About Mac Sunsetting macOS Catalina by@zachflower

About Mac Sunsetting macOS Catalina

Every Apple computer in my home will be rendered obsolete and insecure. Apple's Catalina operating system is set to die in November, and there are two newer versions that are in active development. Is it really necessary to obsolete (yes I used "obsolete" as a verb) potentially thousands of machines, or is it just a money grab? Even when "official" support ends, there are alternatives that can extend the lifespan of *anything*. Firmware, operating systems, hardware upgrades... there are aftermarket solutions for everything you have.
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Zachary Flower

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Obsolescence Is a State of Mind

Sometime near the end of this year, every Apple computer in my home will be rendered obsolete and insecure. To be more accurate, every Apple computer released prior to 2013 will suffer the same fate, thanks to the impending death of macOS Catalina.


Why do I have so many "old" Apple computers, you ask? Because Apple builds exceptionally durable machines, and I don't see the need to add perfectly good hardware to the gigantic pile of e-waste filling up our landfills. So, come November(ish), these computers will get no more updates, no more security patches, and no more support. Consumers get to make the choice between buying a new machine, or replacing the operating system (I bet you can guess what my choice was).

Planned Obsolescence = ☹️

Look, I get it, indefinite backwards compatibility is impractical and expensive, but there is a serious problem when hardware outlasts its underlying software. But, macOS is not dead. There are two newer versions that are in active development, but are not available to a host of (arguably still performant) machines from just over a decade ago.


How many pre-2012 Apple computers are actually incompatible with the most recent versions of macOS? Is it really necessary to obsolete (yes I used "obsolete" as a verb) potentially thousands of machines, or is it just a money grab?


Considering you can at least attempt to run the most recent versions of Microsoft Windows on machines that are decades old (so long as the hardware can handle it), I have a hunch about the answer.

Planned Endurance = πŸ™‚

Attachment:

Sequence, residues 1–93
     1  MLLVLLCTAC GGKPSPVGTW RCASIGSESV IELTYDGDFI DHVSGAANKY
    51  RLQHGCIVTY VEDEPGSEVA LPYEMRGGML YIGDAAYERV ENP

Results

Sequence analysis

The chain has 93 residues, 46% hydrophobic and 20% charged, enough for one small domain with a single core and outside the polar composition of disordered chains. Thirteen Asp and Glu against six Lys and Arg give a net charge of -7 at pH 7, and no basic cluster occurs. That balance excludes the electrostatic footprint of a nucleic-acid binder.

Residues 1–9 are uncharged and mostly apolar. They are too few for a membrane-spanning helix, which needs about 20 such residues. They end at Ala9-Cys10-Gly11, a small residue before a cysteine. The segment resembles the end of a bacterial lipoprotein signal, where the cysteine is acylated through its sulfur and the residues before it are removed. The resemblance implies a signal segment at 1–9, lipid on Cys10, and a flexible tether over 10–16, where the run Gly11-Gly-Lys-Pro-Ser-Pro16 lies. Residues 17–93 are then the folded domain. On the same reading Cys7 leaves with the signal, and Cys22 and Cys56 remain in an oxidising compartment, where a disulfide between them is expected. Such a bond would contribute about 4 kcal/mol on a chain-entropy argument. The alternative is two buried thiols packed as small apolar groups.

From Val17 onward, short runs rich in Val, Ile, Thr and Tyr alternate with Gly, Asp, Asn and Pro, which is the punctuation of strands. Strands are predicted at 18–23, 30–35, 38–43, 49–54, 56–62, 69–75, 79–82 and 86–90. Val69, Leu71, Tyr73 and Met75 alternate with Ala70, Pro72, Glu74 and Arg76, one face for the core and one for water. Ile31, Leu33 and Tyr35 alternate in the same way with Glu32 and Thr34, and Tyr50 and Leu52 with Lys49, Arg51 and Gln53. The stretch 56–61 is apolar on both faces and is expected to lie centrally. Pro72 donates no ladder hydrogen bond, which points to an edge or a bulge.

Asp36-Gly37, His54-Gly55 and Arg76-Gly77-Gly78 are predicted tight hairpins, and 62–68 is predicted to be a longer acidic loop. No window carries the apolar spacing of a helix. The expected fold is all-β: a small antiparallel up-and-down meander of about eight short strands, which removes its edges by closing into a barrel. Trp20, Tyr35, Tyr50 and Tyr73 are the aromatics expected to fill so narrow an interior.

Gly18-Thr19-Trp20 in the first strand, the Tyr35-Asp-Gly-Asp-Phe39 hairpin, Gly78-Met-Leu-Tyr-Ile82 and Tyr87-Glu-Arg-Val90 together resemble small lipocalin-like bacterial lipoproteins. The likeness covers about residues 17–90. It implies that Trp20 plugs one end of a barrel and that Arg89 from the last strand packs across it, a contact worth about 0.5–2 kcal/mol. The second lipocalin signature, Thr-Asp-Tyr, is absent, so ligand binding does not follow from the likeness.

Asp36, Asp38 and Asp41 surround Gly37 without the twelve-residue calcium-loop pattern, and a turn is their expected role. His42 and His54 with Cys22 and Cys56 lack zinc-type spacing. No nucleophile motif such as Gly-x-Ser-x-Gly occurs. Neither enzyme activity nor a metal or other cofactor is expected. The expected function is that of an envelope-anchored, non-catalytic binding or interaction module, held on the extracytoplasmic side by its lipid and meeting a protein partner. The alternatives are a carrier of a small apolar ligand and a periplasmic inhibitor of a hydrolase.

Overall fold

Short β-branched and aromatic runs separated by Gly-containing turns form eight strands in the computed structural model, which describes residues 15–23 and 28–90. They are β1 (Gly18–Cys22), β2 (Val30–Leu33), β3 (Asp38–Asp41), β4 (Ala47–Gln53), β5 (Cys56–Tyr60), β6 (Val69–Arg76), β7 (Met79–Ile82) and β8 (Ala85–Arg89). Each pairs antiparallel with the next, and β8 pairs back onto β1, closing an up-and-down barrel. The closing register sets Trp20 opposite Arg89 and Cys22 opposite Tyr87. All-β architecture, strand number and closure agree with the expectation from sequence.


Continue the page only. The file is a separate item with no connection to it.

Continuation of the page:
Here's the thing... I don't actually need new computers. So long as the development and writing tools I need to do my job work, then I am a happy camper (and, let's be honest, most people don't even use their computers for even that much heavy lifting). I don't know if I'm becoming more sensitive to the environmental (and financial) impact of unnecessary upgrades, or just my inner-dad coming out, but I have become a pretty firm believer in the "if it ain't broke, don't fix it" philosophy.


Now, let's be clear, "if it ain't broke, don't fix it" does not mean "if it ain't broke, don't maintain it." I've spent years in cybersecurity and IT. Security is no joke, so you have to patch your shit to stay safe on the modern web. But just because I have an aging MacBook Pro doesn't mean it has to actually run macOS.


Linux is our friend, and can give new life to any machine. The key is to be willing to accept change. Sure, there are benefits to living within Apple's walled garden, but there is also a real freedom that comes from leaving it.

Make Everything Last

To state the obvious, this philosophy applies to more than just computers. Cars, phones, televisions, game consoles... the world is filled with waste that doesn't need to exist. The only reason we buy the newest, shiniest things is because we think we have to.


But, here's the secret: we don't.


Most things are only as obsolete as we think they are, not what the manufacturer tells us they are. Even when "official" support ends, there are alternatives that can extend the lifespan of anything. Firmware, operating systems, hardware upgrades... there are aftermarket solutions for everything you have, all it takes is a little effort and the right mindset to squeeze every last ounce of value out of something.


Also published at flower.codes

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